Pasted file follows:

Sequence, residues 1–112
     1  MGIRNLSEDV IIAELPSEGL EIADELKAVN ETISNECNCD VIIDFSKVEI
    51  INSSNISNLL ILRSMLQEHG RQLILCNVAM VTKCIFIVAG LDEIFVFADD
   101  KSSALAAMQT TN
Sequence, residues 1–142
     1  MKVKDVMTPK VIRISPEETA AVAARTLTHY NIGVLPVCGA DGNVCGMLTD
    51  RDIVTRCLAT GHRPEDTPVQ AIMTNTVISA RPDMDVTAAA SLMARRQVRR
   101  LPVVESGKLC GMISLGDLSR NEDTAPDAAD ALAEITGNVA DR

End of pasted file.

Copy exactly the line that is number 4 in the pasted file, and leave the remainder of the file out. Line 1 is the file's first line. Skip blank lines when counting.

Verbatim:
   101  KSSALAAMQT TN